Another of Paris' influential designers, Riccardo Tisci of Givenchy, presented a new vision of style Sunday.
Again, Tisci channeled a clean look, simplifying the house silhouette in a less elaborate yet sophisticated collection.
Hermes ? the house of the jet-setting fashion buyer ? served up the elegance in its usual cocktail of travel, silk, leather and exotic cultural references.
Summing up his show, the house's designer Christophe Lemaire said it represented "a clean, sharp, modernist traveler."
Monday's highly anticipated shows include Stella McCartney, Chloe ? and the hottest ticket of the week ? Hedi Slimane's debut outing as designer for the rebranded Saint Laurent.
Spring is about gentle contradictions, not color, Phoebe Philo seemed to say: Shown through a muted palette of black, white, navy and gray.
The real point of the show was the gentle play on contrasting lines, then textures, then form.
Loosely hanging silhouettes ? often with attention to neck details in high necks, bands and twists ? came in column or boxy shapes, with a couple of black A-line tuxedo-dresses for good measure.
The gloss of sheeny silks whispered a contrast against matte fabric.
Philo has often been noted for her chic "utilitarian tailoring," which she delivers with uncanny ease.
Here we saw it used artistically in hemline frays which turned into tassels, and twisted fabric that wrapped round the back sewn crudely together in a lump.
It's a style that wouldn't look out of place on Juliette Binoche, for example, who accepted a best-actress award at Cannes in 2010 in custom Celine.
The house is right in fancying themselves as Paris calendar's arty side.
When fashion insiders asked to see the mandatory program notes, there were wry smiles as they were handed a text-free book of collage pictures.
Trend-setting designer Riccardo Tisci changed the direction of Givenchy's ready-to-wear Sunday.
He simplified the silhouette to a more flattened and spread out front-and-shoulder emphasis in 37 black, white and gray looks.
A strong voice in the fashion conversation, Tisci's tailoring influences designers far and wide.
Last spring, for instance, he brought back the peplum.
Now, hardly a collection goes by without one cropping up.
The wilder bondage-gear touches that added spice to last season's equestrian-inspired trip, were gone here, in a less elaborate display ? but which had its moments of clean elegance.
A great feature was the clean, descending ripples in many of the looks which are sure to spread into other collections like wildfire.
But for a designer who likes to live dangerously, this more saleable collection? though a departure from last season ? felt at times like he was playing-it-safe.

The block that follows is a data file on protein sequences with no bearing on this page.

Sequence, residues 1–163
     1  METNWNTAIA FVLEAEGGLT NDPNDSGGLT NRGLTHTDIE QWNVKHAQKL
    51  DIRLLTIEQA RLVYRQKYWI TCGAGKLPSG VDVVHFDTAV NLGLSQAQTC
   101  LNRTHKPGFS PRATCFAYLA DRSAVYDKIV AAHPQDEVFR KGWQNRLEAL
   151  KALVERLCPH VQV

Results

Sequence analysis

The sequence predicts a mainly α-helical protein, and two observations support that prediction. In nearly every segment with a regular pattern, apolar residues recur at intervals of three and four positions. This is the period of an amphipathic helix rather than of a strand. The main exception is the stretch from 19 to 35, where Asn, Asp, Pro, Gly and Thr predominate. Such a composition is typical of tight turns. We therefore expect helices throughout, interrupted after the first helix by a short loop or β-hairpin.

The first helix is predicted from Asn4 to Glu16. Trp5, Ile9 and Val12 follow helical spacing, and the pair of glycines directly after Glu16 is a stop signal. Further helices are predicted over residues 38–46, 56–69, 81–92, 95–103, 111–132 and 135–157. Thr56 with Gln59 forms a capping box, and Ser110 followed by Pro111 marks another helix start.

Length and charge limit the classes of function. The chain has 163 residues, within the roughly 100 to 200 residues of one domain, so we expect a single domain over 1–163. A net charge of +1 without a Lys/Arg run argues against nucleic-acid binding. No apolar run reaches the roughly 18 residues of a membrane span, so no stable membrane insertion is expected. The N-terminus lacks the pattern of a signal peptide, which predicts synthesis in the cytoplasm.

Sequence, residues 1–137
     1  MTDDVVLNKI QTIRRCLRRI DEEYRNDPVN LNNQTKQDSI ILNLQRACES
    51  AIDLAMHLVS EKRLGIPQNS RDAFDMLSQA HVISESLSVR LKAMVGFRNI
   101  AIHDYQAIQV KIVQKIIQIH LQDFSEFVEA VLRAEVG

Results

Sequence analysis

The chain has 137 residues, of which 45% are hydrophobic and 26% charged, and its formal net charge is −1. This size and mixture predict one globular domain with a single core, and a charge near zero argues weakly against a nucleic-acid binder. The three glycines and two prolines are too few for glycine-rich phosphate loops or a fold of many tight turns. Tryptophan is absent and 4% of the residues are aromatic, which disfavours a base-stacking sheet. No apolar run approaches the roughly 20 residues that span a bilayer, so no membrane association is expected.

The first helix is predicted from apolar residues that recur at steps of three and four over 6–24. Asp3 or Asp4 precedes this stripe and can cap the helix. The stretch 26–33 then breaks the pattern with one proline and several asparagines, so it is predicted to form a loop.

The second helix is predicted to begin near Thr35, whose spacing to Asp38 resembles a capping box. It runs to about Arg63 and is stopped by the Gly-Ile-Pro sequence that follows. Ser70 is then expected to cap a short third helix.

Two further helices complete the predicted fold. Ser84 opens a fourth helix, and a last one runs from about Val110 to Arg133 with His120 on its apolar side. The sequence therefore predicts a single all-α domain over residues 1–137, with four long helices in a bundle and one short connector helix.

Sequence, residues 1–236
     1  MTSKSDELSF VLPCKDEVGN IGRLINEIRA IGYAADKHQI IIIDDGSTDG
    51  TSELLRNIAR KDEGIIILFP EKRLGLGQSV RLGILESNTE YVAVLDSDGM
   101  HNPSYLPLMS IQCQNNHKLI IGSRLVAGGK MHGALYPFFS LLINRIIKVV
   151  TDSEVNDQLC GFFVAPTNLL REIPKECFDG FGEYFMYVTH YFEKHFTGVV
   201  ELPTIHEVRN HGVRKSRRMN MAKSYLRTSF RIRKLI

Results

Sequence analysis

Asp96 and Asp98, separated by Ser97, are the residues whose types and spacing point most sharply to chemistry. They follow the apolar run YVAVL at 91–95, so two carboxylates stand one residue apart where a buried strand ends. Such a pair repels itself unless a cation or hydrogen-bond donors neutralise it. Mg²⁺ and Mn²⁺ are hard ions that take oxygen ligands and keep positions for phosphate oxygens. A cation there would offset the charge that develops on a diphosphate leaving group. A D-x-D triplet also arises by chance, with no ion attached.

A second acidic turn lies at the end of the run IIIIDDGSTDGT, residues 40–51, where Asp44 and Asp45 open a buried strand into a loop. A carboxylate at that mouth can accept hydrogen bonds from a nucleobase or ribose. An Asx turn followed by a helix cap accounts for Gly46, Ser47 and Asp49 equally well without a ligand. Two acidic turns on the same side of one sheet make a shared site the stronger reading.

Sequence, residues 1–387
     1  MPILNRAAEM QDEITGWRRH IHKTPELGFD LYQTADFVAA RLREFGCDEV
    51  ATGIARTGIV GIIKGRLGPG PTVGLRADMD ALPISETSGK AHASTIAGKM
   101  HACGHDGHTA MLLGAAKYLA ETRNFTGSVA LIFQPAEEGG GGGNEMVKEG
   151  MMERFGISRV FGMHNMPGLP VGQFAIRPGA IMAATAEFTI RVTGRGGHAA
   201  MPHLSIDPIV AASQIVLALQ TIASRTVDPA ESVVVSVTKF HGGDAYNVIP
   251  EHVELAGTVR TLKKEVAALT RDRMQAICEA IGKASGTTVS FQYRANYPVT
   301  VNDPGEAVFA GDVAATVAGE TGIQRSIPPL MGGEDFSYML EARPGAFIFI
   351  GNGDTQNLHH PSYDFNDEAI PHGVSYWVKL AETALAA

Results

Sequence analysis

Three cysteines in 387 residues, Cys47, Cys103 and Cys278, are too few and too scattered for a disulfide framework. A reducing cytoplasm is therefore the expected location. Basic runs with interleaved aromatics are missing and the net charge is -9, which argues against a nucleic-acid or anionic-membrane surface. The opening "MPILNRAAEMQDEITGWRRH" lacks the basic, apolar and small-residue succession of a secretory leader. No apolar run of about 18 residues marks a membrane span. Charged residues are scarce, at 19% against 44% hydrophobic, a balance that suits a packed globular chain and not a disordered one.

The fashion crowd got their summer holidays early ? flown first class across a vibrant mix of Polynesian prints and color-rich baroque foulard motifs.
Several of the models carried hang luggage. The mascot of the house, after all, is an airborne messenger.
The looks stopped off at every fabric under the sun: in full grain leather woven in silk, washed silk twill, plunged lambskin, satin piping and lovely indigo denim linen.
Colors too, were diverse in cappuccino, terracotta, sulphur, emerald, cobalt and ?the palette's most beautiful ? celadon.
The flight this season stopped off at the Netherlands and Germany? with tinges of the geometry and graphics of 1930s.
"I'm a modernist at heart," Lemaire said following the show, hosted next to Paris' Tuileries gardens.
This idea was worked into the collection's best looks with a feel of famed Dutch painter Piet Mondrian ? who used geometric shapes and blocks of colors that could be seen in several of the final looks.
Printed geometric floaty silk blouses and slightly jarring assorted pants made bold statements.
They also featured the slight play on masculine styles that Lemaire likes to toy with periodically: A cotton wool cravate appeared on most of the looks as a man's tie, tucked into a hoop.
The result was pure luxury, air delivered as only Hermes can.
Kenzo headed back to the Southeast Asian jungle Sunday in a vibrant, fun collection that picked up their last menswear theme: A rainforest trek.
After just one year at the helm, the hard work of designers Humberto Leon and Carol Lim has paid off: They've managed to re-stamp the brand with a cool, populist edge.
But they're serious about their work in other ways too: Fashion insiders had to live the catwalk theme ? literally ? by trekking to the far-flung venue, the Maison de Judo, on the Paris city limits.
In bold ? sometimes purposefully garish ? orange vermilions and greens, the collection threw up some great wide pants and boxy-shaped jackets as well as a lot of safari-style street wear.
Though some of the jungle printed ensembles looked overly busy ? a beautiful camouflage print made up for it with images of flowers that looked like leopard.
But there was art in the detail too, with the designers showing a flair for tailoring in great utilitarian features.
Thomas Adamson can be followed at http:/ /Twitter.com/ThomasAdamsonAP
What do you want to be when you grow up? That?s the question Michelle Ward, the When I Grow Up Coach, helps her clients answer. Ward is certified by the International Coach Federation. She?s spent over 750 hours coaching hundreds of creative people to devise the career they think they can?t have ? or discover it in the first place.
She?s also a musical theater actress with her BFA from NYU/Tisch. And she?s one of the most creative and passionate people I?ve had the pleasure of meeting online. Ward infuses everything she does with creativity and her enthusiastic one-of-a-kind approach.